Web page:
When Indian ‘parampara’ becomes Pakistani wordspeak

March 6th, 2008 - 1:45 pm ICT by admin  

By Devirupa Mitra
Islamabad, March 6 (IANS) Indian television serials, populated by bejewelled women and large joint families, are part of everyday life in Pakistan and slowly changing everyday vocabulary with words like ‘parivar’, ‘prarthana’ and ‘parivartan’ creeping in. Saba Khalid, a student at Islamabad’s Quaid-i-Azam University, has no compunction in describing herself as a fan of Indian serials.

“I have even learned Hindi from watching them,” Khalid told a visiting IANS correspondent. Her favourite Hindi word, she noted with a giggle, was ‘purna sanskar’, or completely traditional.

She is not the only one.

A quick survey of Pakistanis, particularly the young and women in cities, showed that they were familiar with some of the more difficult Hindi words.

“Sometimes, I find myself saying, ‘yeh Pakistani parampara nahin hai’ (this is not Pakistani tradition), which causes my husband to look at me strangely,” said Nadia Bano, a 32-year-old Islamabad housewife.

Language is a sensitive issue in Pakistan, especially as it had witnessed its power to dismember a nation following the 1971 India-Pakistan war and the creation of Bangladesh.

While Urdu is the official language of Pakistan, it is classified as the mother tongue of only about 10 percent of the population. But it was central to the ideology of the two-nation theory and its supporters, mostly Indian Muslims from then United Provinces and Bihar who came to be known as ‘mohajirs’. From the beginning, Urdu was therefore the language of administration and power.

As several generations of Indians grew up with the highly Sanskritised language of Hindi news on the state-run channel Doordarshan, a mirror image was taking place on the other side of the border to make the language more ‘Persianised’.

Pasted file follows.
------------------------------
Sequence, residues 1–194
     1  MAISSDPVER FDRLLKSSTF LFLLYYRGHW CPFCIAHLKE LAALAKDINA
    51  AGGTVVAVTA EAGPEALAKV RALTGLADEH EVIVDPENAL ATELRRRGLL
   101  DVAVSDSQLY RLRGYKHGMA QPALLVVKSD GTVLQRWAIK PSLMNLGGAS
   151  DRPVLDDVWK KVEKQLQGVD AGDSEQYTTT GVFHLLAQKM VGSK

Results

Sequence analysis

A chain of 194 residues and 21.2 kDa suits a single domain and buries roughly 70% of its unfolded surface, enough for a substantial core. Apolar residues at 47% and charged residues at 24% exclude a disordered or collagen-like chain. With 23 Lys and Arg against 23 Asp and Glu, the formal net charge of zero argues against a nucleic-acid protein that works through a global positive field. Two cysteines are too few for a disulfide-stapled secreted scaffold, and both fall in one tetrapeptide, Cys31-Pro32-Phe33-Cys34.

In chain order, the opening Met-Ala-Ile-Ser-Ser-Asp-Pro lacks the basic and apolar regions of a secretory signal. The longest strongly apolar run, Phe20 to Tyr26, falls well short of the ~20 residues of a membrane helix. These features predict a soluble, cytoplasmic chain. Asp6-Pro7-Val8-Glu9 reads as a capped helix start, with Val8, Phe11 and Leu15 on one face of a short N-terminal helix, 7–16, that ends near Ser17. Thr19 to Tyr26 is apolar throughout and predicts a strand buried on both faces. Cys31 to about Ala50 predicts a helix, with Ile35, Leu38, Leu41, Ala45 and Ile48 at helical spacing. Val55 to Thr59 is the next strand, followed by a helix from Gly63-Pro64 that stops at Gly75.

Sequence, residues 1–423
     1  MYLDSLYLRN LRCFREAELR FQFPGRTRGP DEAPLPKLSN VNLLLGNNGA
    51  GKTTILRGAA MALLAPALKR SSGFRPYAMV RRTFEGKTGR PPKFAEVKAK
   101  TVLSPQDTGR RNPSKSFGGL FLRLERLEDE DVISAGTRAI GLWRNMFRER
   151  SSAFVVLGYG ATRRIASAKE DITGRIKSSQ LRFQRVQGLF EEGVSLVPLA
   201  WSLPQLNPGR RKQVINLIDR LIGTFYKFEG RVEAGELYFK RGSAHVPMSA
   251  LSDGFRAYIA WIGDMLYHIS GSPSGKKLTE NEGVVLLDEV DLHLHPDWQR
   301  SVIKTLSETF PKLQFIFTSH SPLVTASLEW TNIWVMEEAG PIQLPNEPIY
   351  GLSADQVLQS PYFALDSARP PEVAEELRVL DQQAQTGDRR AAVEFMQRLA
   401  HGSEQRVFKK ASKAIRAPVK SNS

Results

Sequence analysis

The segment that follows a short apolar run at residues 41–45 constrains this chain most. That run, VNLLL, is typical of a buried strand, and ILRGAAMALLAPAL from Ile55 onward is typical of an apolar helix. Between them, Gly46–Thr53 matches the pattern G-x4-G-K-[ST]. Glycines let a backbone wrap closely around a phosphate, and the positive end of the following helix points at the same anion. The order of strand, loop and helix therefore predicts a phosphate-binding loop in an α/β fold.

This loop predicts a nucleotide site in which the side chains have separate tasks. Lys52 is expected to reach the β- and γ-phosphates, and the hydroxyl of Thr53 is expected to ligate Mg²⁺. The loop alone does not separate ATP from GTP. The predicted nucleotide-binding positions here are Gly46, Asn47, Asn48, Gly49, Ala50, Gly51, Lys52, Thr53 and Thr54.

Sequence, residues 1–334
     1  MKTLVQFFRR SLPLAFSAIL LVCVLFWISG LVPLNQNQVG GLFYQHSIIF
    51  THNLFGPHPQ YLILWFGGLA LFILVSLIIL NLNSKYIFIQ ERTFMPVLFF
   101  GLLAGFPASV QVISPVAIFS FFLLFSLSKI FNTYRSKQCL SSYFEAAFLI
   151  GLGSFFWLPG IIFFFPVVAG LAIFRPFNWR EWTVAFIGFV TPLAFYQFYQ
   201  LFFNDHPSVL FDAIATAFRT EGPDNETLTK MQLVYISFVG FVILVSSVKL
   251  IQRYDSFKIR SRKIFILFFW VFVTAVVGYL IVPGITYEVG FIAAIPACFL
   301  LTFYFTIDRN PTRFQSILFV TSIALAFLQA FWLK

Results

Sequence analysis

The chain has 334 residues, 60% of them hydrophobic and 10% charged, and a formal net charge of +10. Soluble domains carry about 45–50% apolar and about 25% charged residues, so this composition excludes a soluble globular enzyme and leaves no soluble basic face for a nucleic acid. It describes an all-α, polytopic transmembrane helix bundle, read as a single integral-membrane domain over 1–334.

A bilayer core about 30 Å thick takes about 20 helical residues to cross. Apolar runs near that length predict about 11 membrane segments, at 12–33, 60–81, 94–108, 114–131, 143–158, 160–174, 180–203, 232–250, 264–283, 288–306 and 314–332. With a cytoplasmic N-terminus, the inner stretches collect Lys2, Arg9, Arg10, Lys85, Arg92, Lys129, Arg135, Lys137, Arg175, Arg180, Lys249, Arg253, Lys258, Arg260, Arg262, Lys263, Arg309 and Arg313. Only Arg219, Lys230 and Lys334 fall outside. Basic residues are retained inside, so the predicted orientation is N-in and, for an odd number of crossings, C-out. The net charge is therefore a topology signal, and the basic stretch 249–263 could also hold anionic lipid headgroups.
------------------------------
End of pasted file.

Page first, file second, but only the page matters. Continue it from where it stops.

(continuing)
Despite the divergence after partition, Hindi speakers from India and Urdu speakers from Pakistan are, however, mutually intelligible, both speaking what is commonly known as Hindustani.

On a Pakistani web forum debating the “Indian invasion” through TV soaps and films, a netizen wrote, “To learn the other dialect all a Paki need do is to watch STAR Plus and he’ll pick up Sanskrit vocabulary”.

He listed several words that he had picked up by watching Indian entertainment channels - parivar (family), parampara (tradition), prarthana (prayer), puja (worship), shanti (peace), dharam (religion), aatmahatya (suicide) and pradhan mantri (prime minister).

Incidentally, Indian movies available throughout Pakistan in pirated compact discs and DVDs have also led to increased usage of a recently evolved dialect of Hindi - ‘Bambaiya’, a mixture of Hindi and Marathi.

“Bhiru and mamu have become popular amongst the youngsters after the Munnabhai films,” said Sayid Ahmed, a 21-year-old computer science student.

According to eminent Pakistani linguist Tariq Rahman, the “use of some words from Indian soaps is confined to the cities and has still not spread to the entire population”.

“Some purists are bothered about this but languages change and this is a normal phenomenon,” said Rahman, who is national professor of socio-linguistic history at Quaid-I-Azam University’s National Institute of Pakistan Studies.

He felt that the inclusion of new Hindi words in spoken Urdu was in effect a return to its original status.

“After all, during the 1760s, beautiful words like ‘prem’ and ’sagar’ and ‘naina’ were expunged to create Persianized Urdu to function as an identity symbol of the Muslim elite. So if they come back it would be in the nature of going back some part of the circle,” he added.

(Devirupa Mitra can be contacted at devirupa.m@ians.in)

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